Early electric storm alert system improved
By placing sensors in several areas throughout the city of Medellín, Universidad Nacional de Colombia (UNal) researchers tested the effectiveness of a system adjusted to Colombian topography.Manizales, 22 de octubre de 2015 — Agencia de Noticias UN-
There are different kinds of lightning and electric field sensors to help detect the advent of thunderstorms. However in Colombia, a group of UNal-Medellín researchers is working on a more appropriate system for the Andean region, which has numerous mountains and distinct geography.
In the simulations carried out to test the model, “which takes into account the geographic accidents of the city, we discovered small mistakes in the range of 100 to 200 m (328 to 656 ft), in other words a minimum in incoming storm prediction,” said Alejandro Márquez, a Control Engineer with a PhD in Energy Systems Engineering.
The purpose of the project, recently showcased at the latest version of the UNal–Manizales Automation and Control event, contributes to the prevention system which can produce damages in buildings, electrical appliances as well as to the aeronautical sector, provoking flight delays or cancellations.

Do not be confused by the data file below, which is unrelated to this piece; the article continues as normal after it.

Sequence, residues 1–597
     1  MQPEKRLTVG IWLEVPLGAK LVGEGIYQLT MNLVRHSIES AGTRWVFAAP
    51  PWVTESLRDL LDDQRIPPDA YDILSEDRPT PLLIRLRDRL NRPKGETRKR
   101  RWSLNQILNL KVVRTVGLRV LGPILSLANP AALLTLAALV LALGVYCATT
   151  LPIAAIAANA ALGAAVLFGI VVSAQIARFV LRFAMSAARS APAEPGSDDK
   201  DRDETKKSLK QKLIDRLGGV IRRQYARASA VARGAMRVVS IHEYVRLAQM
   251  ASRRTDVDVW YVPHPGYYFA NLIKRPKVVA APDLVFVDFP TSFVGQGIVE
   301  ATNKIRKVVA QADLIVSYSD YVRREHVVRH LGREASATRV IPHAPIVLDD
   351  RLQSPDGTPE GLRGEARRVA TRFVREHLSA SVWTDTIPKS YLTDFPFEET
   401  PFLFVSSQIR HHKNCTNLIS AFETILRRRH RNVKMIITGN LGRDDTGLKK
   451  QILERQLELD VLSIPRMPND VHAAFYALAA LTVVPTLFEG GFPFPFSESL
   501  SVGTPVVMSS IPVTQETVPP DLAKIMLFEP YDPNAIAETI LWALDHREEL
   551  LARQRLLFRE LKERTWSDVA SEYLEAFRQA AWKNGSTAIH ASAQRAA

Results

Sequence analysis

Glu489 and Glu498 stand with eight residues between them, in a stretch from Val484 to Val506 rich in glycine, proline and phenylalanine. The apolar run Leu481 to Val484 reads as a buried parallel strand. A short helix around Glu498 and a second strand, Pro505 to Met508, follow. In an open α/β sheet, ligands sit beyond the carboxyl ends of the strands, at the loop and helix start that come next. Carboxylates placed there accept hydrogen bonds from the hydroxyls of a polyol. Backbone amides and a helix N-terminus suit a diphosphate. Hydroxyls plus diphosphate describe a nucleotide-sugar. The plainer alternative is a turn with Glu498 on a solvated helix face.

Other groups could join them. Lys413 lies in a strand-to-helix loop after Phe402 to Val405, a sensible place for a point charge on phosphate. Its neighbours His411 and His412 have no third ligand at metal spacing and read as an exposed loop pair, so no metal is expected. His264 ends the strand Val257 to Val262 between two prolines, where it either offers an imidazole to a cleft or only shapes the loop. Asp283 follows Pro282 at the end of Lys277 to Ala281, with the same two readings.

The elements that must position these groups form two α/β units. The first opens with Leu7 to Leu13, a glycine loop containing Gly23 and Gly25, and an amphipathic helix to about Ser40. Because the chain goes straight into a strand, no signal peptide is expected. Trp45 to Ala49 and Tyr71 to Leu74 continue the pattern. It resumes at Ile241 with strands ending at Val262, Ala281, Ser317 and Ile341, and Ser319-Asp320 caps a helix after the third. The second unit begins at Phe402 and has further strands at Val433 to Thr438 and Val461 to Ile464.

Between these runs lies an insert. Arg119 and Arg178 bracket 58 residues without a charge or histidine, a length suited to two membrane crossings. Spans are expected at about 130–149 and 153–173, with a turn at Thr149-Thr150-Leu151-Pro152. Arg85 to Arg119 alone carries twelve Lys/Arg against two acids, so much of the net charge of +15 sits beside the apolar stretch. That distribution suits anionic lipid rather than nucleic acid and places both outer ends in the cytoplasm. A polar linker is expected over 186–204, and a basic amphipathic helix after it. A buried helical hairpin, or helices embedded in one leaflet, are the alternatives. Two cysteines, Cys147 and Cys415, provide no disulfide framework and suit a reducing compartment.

The project in its test stage, is currently working with sensors capable of measuring the climate in an electromagnetic field; then the information received is sent to a control center. “The idea behind the project is that through an organized network, along with the respective authorities and airport, hospitals, etc., information received by the sensors may be relayed amongst the network in just a few seconds,” said Márquez.
According to the Colombian Hydrology, Meteorology and Environmental Studies Institute (IDEAM, for its Spanish acronym) the country along with Venezuela has the most stormy region of the world (the Catatumbo area) which ranges from the Province of Santander to Lake Maracaibo. Furthermore, IDEAM describes three elements in order to understand the lightning phenomenon: One, the wind system (a climatic factor); two, the mountains (an orographic factor) and three, a factor which there is some evidence, although still in research, the presence of minerals in the subsoil.
“Currently existing early alerts are not very trustworthy, this is why we are working in obtaining a better system and therefore we continue to apply field models, which are products of equations,” said Márquez.
To implement the project they will need to have a communications network, sensors, a control room and servers.(Por: Fin/IJR/MLA/CA